The timeline of statistics
By Julian Champkin
Significance magazine has been going for ten years. To mark its birthday we have published a timeline of more or less everything that is important in the history of statistics.
Tim Harford, and the perils of big data
By Brian Tarran
Welcome to the big data future. Correlation is in, causation is out. Old statistical sampling techniques are obsolete, now that n=all; and statistical models aren’t needed because, with enough data, the numbers speak for themselves. But that's not the case, warned economist and author Tim Harford.
Statistics through the medium of dance
By Lucy Irving
I’ve been teaching research methods in psychology for nearly 10 years now and it can be challenging. My students often say that ‘the stats’ are the scariest part of their degree, that they don’t like ‘maths’, and that they don’t understand why they’re so important. Like many others, I try to make lectures and sessions fun and engaging, and I often find myself rhyming and generally moving around a lot – I’m one of those lecturers who moves around a lot.
How the job market is changing across twelve major US cities
By Salil Mehta
Usually when the latest US labor data is released, it gets hastily boiled down to one figure for handy consumption in the news cycle. However, there is a lot more going on in this data that can be revealed by statistical analysis.
The World Cup forecast: group winners and the tight games to watch out for
By Gianluca Baio & Marta Blangiardo
The idea is to use a collection of data to estimate a measure of 'propensity' of a team t to score when they play an opponent s. The estimation is done by considering a set of data on several types of games: in particular, we use the data on the last 6 World Cups and the last 4 years (including friendlies, qualifiers, continental finals and last year's Confederations Cup). We can use this 'propensity' to predict the number of goals scored by any two teams in the next game they play against each other.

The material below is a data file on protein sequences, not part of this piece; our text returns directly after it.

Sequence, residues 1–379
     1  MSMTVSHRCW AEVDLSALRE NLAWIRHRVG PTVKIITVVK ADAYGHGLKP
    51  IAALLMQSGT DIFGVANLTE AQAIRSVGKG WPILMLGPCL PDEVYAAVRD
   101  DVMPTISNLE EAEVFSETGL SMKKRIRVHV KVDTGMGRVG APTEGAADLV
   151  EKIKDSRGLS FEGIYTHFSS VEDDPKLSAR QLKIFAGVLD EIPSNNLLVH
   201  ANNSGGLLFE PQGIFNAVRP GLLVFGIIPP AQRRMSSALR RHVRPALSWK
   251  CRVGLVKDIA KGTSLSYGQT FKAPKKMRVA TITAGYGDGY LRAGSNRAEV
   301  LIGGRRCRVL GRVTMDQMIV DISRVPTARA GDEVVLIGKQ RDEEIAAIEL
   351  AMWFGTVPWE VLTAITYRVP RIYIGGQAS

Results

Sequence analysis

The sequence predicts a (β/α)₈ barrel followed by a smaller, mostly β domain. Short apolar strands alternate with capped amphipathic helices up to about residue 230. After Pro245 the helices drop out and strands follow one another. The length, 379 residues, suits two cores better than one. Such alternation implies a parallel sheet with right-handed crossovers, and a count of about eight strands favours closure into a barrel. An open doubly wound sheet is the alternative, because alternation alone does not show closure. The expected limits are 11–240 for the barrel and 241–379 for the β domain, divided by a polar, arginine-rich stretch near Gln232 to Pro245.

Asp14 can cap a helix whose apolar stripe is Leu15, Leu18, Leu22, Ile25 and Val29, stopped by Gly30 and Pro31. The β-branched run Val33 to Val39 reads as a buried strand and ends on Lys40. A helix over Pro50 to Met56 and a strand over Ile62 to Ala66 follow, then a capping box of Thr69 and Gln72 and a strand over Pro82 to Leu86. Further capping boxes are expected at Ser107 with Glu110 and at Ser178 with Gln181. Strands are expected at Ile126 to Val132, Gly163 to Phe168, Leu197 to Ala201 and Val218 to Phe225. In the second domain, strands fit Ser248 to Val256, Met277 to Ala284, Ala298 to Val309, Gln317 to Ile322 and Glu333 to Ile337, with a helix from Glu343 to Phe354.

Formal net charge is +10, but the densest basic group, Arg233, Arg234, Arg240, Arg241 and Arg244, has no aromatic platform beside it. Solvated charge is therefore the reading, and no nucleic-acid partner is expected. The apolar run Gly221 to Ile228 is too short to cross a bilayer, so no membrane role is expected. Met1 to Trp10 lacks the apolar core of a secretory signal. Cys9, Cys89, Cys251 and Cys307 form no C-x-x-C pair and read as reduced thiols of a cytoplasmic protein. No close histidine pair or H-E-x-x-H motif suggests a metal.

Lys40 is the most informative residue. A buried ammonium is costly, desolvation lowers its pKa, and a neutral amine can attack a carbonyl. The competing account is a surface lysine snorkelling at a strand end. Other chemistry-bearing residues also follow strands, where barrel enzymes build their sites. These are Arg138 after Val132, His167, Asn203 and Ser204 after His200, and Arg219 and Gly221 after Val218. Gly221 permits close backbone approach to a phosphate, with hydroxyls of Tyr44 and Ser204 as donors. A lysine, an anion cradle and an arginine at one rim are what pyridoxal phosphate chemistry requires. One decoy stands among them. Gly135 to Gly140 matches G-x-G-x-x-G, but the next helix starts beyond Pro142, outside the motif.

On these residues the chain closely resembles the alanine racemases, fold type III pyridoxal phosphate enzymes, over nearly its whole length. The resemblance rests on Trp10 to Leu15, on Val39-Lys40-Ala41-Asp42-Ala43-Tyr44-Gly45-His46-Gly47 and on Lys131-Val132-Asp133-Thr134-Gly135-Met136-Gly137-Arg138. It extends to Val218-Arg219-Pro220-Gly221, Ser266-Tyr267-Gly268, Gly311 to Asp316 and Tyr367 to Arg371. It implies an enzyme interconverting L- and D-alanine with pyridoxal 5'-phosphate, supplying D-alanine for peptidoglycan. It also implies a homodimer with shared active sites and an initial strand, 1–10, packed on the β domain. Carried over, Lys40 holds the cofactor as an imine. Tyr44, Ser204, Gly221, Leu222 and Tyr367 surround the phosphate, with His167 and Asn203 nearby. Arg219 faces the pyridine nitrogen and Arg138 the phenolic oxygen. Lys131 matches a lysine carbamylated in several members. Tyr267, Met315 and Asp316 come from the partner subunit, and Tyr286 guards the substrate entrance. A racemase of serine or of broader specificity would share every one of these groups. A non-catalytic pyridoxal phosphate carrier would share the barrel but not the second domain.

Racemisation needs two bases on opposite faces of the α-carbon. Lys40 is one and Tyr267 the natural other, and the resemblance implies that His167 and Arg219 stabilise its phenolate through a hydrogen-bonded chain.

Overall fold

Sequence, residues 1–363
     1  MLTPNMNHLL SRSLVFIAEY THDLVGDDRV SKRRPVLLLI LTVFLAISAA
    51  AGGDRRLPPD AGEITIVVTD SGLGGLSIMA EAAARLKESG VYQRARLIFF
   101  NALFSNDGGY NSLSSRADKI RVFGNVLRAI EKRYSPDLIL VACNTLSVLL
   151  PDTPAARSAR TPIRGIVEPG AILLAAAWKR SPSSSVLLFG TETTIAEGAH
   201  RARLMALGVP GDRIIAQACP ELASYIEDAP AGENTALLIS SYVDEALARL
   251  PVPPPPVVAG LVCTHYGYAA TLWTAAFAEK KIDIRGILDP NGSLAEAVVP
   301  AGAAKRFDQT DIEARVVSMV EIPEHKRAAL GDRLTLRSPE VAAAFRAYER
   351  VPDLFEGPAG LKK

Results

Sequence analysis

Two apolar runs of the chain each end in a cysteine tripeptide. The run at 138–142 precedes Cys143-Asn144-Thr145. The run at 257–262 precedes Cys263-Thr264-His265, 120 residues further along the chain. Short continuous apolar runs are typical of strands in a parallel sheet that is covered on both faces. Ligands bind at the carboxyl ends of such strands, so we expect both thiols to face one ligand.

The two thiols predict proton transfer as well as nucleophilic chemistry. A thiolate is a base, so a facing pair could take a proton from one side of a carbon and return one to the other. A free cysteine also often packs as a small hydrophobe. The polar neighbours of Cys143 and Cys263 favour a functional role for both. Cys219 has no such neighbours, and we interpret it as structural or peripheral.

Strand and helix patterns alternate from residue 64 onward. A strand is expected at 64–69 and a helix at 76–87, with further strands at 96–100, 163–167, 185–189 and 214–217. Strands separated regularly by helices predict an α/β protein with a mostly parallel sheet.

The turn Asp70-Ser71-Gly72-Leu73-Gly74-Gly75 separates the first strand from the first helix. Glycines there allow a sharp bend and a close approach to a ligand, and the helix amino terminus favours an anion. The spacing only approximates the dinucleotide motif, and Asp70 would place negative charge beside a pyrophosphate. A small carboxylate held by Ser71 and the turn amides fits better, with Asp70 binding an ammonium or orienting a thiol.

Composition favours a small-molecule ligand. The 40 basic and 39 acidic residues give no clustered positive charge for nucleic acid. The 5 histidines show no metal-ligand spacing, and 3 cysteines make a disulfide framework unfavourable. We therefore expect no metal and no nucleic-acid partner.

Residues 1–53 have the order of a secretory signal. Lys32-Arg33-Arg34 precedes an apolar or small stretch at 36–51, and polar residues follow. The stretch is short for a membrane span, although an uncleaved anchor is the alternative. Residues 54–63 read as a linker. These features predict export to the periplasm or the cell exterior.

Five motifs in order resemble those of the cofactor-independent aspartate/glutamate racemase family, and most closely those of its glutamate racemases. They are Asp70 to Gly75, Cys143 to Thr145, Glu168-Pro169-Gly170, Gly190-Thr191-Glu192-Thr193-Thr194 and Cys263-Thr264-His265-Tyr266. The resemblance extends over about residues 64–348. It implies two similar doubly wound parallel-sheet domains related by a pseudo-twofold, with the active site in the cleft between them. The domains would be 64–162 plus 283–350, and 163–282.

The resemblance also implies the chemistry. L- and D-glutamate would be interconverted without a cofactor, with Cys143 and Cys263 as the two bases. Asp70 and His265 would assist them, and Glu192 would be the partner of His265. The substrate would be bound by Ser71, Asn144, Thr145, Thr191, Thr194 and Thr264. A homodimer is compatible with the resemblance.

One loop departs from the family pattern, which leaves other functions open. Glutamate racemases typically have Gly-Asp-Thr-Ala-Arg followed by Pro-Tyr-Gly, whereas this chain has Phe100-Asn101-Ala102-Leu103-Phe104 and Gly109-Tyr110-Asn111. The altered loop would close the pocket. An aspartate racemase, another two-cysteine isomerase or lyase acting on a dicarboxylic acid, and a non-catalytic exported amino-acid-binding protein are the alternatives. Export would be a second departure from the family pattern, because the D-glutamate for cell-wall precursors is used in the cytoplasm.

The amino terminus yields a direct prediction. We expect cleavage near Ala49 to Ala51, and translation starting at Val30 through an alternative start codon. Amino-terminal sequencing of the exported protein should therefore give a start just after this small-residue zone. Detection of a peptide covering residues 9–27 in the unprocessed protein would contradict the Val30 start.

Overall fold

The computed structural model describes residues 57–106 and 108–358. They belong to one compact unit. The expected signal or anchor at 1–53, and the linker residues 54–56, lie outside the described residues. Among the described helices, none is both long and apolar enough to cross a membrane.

Never miss another sunset with R
By Hilary Parker
I live (and work!) near one of the most beautiful vantage points for sunsets in possibly the entire US. However almost every beautiful sunset I have seen from there has come from either (1) me walking out of work and noticing that the sky is bright pink, or (2) seeing someone post a sunset photo on Twitter (I know). Either way it ends with me practically sprinting to the Brooklyn Heights Promenade for the tail end of the sunset.
Does Christmas really come earlier every year?
By Nathan Cunningham
Given the prolonged belief in the Christmas period’s persistent prematurity you would expect that by now we would be erecting our Christmas trees in June. Obviously this isn’t the case. Although as is often said, there’s no smoke without fire, so maybe there is some truth to the claim. Luckily, statistical analysis is on hand to put the question to bed.
A more intuitive way to post figure skating scores (and why Sotnikova deserved to win)
By Ray Stefani
At Sochi, American NBC TV sports analyst Mary Carillo was asked what she would most remember about the Games. Her answer was the confusing figure skating scoring system. She is not alone in that view.
Where's a teenager when you need one?
By Andrew McCulloch
Over the last 10 years or so, universities in England have been working in a relatively favourable environment. The rise in tuition fees to £3,000 in 2006/2007 and then, for most universities, to £9,000 in 2012/2013 helped increase incomes with little effect on student numbers. There are several reasons why.
Predicting the World Cup winner: what the bookies are saying and my two cents
By Dominic Cortis
This article is a follow-up to my previous one where I used the betting markets as a key determinant to predict the results of group stage matches. In this article I use my judgment (and my seven year old nephew’s) to predict the second stage winners.